Digging up graves to get sand and gravel for reselling – dubbed “sand poaching” – has been happening since last year, the Bulawayo city council says in a report
City council officials described the crime as “sand poaching” at Bulawayo’s Hyde Park cemetery and said the night-time raids on graves was “abominable”.
The illegal excavations regularly exposed coffins and the council said the thieves are selling the sand and stone from graves to people building small homes in Pumula, a poor suburb near the cemetery.
Zanele Hwalima, Bulawayo’s health director, said in the latest report to the city council that “sand poaching” began last year: “What was particularly disturbing was that although we have requested for soil – to refill the graves, the thieves had come and carted away this soil again.”
The council agreed that the ‘sand poachers’ behaviour was “abominable and showed disrespect to the dead”.
Zimbabweans are now poorer then at any time in the past, according to economist John Robertson. “I am not surprised to hear people are digging up graves in Bulawayo.
“The economy has never been closer to the edge then now, and Bulawayo has been particularly hard hit.”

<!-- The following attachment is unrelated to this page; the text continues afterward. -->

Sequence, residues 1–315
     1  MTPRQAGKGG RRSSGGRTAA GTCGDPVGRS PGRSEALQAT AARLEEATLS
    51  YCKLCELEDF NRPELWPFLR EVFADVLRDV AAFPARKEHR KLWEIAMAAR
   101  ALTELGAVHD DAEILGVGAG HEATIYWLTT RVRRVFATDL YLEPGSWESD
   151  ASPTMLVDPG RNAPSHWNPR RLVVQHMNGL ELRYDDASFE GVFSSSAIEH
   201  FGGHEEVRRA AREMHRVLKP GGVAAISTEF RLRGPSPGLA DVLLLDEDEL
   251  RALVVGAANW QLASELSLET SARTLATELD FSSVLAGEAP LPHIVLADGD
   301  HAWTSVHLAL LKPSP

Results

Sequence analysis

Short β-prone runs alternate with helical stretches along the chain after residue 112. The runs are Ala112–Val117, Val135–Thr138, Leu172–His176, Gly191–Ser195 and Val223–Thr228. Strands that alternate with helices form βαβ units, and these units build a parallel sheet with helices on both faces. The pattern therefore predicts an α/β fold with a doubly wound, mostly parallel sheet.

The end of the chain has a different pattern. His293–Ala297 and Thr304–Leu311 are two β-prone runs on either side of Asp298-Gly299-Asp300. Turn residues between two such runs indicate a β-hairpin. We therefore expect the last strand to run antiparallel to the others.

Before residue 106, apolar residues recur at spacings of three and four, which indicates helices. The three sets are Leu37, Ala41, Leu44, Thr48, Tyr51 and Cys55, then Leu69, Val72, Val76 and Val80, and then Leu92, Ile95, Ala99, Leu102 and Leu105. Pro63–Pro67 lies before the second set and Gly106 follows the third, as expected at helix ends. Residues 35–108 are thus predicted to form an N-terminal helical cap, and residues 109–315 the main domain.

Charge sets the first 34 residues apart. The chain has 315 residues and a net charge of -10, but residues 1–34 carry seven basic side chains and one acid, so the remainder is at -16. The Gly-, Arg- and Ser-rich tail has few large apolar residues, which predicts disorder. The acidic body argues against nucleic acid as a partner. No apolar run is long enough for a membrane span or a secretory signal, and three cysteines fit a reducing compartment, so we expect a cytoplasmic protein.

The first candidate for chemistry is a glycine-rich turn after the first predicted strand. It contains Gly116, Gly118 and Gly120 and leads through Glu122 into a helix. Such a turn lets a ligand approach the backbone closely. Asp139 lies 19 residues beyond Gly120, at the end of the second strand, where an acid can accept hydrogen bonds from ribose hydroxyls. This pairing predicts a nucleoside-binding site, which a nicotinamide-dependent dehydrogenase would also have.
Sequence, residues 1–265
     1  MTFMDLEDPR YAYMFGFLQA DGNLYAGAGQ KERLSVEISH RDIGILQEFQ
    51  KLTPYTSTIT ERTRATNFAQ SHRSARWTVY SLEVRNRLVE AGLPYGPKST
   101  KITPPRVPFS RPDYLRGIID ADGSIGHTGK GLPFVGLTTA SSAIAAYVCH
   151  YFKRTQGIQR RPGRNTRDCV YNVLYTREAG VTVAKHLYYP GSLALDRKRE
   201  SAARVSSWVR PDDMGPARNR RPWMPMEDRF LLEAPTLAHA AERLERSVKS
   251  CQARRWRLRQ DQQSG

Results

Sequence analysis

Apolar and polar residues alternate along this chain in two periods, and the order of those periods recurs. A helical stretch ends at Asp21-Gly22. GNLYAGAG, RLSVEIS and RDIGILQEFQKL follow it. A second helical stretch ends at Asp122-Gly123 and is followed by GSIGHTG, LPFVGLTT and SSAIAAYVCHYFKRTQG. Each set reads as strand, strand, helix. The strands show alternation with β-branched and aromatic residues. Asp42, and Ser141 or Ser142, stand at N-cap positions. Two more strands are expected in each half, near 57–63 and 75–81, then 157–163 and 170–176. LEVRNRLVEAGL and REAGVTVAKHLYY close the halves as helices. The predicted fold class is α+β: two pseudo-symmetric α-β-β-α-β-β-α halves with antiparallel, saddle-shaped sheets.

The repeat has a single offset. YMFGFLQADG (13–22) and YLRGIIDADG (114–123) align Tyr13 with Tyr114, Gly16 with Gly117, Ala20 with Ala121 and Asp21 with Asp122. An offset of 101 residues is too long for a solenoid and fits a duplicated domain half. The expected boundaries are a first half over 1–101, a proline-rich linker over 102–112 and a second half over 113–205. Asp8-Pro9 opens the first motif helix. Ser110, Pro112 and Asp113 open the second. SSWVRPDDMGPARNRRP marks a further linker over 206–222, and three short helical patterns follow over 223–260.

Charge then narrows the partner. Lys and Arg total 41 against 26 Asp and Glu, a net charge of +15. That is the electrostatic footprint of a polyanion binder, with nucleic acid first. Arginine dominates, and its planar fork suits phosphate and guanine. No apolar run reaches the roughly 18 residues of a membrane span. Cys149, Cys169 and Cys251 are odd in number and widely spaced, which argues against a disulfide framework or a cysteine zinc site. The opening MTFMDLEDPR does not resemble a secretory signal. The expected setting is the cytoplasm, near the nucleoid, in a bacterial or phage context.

Zimbabwean President Robert Mugabe (Reuters)
He said that Zimbabwe needs to import food this year after a poor rainy season and it was not clear how President Robert Mugabe’s government would finance imports.
The Famine Early Warning System Network (FEWSNET), financed by US AID, said last week that Zimbabwe had only grown half the maize it needed to feed the population until the next harvest in 2016.
The International Monetary Fund, which says it cannot lend money to Zimbabwe until it pays its debt, said last month that the economy was “precarious” and was not improving despite the impact of the lower oil price.
“We have never been so hard up as now. Our retail sales drop every month,” said the manager of a major Harare supermarket company who asked not to be named.
“We are seeing increasing poverty and I keep on noticing real hunger in the streets of Harare. Can you imagine what it is like in some of the rural areas where drought was particularly bad and almost no maize survived last season?”